A good fantasy book should have six things.
1) A diverse world with distinctly different cultures. Air has this. Silvery Earth has no only different magical races (each with their own customs and ideals(, but also distinct cultures of human occupants, as well. Like Tolkien and Middle Earth, Barbara Tarn has been working on Silvery Earth for many years through different stories and characters to create a world of great depth.
2) A large cast of diverse characters. Air also has this. From the dark, brooding human Kumar, to the Sila Winged Jesminder, to the Naveen, the captain of the Guard and beyond, the story is told through a host of characters. This allows the reader to see all of the subtle pieces to the puzzle and watch as they fall into place to complete the full picture.
3) Magic. Air has this in the form of the Magical races; winged Sila, Fajrulo who turn into dragons, Waiora who live under the water, not to mention the Immortals themselves: Earth, Air, Water, Fire, and Ether.
4) Something evil to fight against. There has to be a bad guy for the heroes to band together and defeat. The sect, a group of people who use blood and sex to gain power from the dark pond, fit the bill nicely. Though Ramesh, the high priest, is suitably twisted, I think it is Keiko who wins the prize for the most sadistic.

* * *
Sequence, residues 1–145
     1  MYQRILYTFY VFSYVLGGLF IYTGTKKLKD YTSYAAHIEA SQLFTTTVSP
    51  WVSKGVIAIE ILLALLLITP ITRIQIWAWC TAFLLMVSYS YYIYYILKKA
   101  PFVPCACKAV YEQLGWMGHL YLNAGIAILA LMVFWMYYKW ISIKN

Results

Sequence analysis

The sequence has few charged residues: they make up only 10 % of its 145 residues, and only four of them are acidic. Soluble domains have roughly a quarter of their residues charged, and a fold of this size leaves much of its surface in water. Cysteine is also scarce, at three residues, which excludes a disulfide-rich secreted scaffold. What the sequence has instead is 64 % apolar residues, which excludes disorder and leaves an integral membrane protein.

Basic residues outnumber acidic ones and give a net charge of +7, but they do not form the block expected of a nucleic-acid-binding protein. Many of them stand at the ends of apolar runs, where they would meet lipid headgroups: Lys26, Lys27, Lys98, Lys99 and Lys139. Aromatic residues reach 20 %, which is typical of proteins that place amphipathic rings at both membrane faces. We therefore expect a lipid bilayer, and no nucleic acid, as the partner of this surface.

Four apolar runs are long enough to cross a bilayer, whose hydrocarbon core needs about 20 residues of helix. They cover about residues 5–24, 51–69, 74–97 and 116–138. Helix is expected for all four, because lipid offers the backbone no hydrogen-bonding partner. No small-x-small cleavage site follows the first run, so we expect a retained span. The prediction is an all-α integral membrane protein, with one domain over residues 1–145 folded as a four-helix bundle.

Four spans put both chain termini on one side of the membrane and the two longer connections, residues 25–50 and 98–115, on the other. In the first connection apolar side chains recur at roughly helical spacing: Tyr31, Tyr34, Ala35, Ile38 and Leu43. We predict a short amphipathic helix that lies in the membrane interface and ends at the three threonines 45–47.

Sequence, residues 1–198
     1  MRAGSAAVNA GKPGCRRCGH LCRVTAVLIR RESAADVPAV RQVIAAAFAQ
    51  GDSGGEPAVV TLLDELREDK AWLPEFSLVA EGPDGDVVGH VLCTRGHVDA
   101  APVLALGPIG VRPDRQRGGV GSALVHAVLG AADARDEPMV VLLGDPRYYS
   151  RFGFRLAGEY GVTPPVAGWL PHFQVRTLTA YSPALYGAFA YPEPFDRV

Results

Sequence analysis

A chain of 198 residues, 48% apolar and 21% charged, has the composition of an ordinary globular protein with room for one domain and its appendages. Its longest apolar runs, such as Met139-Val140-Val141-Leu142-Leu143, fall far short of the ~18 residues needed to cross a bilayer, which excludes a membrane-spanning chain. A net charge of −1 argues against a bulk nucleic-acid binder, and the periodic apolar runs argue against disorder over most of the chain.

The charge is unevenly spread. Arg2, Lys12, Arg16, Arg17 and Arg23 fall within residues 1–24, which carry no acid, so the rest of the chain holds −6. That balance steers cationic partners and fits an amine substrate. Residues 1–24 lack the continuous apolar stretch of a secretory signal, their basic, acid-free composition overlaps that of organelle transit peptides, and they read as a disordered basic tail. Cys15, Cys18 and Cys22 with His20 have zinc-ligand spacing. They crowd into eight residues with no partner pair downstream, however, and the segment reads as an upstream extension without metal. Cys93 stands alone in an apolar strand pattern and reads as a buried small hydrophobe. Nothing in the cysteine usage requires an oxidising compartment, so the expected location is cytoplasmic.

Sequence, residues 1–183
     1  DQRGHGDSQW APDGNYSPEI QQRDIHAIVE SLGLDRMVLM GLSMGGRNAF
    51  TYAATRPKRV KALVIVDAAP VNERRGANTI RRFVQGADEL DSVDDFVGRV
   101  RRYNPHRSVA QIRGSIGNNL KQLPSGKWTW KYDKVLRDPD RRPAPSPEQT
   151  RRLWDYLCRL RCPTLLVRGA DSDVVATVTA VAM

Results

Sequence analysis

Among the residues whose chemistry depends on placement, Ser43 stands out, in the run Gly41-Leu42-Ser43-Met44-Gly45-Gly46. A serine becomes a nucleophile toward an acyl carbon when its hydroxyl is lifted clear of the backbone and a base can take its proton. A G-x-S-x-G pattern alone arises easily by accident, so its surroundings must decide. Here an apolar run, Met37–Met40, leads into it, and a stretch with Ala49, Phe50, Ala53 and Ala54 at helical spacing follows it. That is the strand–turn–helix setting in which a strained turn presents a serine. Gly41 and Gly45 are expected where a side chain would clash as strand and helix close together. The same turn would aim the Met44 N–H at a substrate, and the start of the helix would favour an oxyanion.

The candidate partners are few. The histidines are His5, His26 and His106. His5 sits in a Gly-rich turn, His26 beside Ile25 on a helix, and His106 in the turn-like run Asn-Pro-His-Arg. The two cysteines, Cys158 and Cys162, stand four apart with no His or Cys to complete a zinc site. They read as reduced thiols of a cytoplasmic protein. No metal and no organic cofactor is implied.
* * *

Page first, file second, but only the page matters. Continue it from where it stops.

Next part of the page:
5) Some romance. Whether it’s hinted at behind the scenes or out where you can see it, romance is a must. Air has several romance subplots, though to keep from spoiling surprises I won’t say who they are. I will say Kumar’s final decision was the most satisfying, though.
6) Fighting. Wars. Death. Air has just enough of this to make the world believable, but not too much to make it seem gratuitous or overtly bloody.
This book has just the right mix of twisted, darkness and sweet light to make it a real page turner. I like that Barb didn’t pull punches when it came to the sect. They did despicable things and, though the actions are not detailed blow by blow, there’s enough that you know how atrocious their actions are. I can imagine some women may take exception to the scene with Indira and Prince Anjan, but this is a fantasy novel, and fantasy societies are based on medieval societies. Social attitudes were very different then, and I was also glad to see that she stuck to that, too. I also have a deep, personal admiration for Ms. Tarn as I know English is not her first language. I can’t imagine the challenges of writing novels in another language!
In closing, did I enjoy this book? Yes! Do I recommend to to fantasy fans? Yes! Am I going to read the rest of Silvery Earth (including the short stories)? Yes! And, I’m looking forward to it!
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